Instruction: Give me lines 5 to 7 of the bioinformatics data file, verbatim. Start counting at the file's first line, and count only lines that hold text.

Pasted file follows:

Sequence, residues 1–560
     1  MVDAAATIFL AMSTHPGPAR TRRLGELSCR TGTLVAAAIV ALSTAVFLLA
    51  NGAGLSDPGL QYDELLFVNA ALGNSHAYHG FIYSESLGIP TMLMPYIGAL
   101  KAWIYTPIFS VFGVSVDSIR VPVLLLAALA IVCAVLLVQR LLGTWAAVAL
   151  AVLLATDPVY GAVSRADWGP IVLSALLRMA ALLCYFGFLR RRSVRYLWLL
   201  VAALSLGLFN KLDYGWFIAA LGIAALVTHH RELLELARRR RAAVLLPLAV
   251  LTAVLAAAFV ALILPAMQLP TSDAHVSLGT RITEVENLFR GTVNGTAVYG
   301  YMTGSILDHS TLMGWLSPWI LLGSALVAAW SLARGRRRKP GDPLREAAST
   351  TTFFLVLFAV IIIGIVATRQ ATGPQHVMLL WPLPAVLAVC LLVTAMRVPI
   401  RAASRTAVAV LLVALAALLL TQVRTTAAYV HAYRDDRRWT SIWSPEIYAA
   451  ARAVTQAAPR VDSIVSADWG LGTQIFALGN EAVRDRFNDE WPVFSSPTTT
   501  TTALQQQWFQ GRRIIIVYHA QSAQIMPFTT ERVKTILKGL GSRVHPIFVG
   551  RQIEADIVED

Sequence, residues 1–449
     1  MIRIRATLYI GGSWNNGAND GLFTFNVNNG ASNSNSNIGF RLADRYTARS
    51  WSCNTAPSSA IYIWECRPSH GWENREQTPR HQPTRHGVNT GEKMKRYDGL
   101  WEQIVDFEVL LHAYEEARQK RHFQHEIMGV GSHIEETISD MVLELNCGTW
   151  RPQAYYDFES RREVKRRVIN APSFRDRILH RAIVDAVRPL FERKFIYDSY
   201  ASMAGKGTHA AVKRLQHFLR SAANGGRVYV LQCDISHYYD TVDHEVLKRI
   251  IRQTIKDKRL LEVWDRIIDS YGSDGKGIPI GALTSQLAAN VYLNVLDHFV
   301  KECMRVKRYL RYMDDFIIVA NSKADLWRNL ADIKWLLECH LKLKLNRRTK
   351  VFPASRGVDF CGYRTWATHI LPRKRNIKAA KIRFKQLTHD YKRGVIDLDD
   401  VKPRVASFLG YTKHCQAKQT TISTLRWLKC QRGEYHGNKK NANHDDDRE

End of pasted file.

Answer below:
   151  AVLLATDPVY GAVSRADWGP IVLSALLRMA ALLCYFGFLR RRSVRYLWLL
   201  VAALSLGLFN KLDYGWFIAA LGIAALVTHH RELLELARRR RAAVLLPLAV
   251  LTAVLAAAFV ALILPAMQLP TSDAHVSLGT RITEVENLFR GTVNGTAVYG